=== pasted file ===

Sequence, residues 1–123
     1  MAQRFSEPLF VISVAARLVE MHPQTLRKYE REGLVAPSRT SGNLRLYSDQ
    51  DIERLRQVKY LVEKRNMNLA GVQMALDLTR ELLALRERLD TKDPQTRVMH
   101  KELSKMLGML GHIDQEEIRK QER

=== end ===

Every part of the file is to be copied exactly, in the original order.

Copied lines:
Sequence, residues 1–123
     1  MAQRFSEPLF VISVAARLVE MHPQTLRKYE REGLVAPSRT SGNLRLYSDQ
    51  DIERLRQVKY LVEKRNMNLA GVQMALDLTR ELLALRERLD TKDPQTRVMH
   101  KELSKMLGML GHIDQEEIRK QER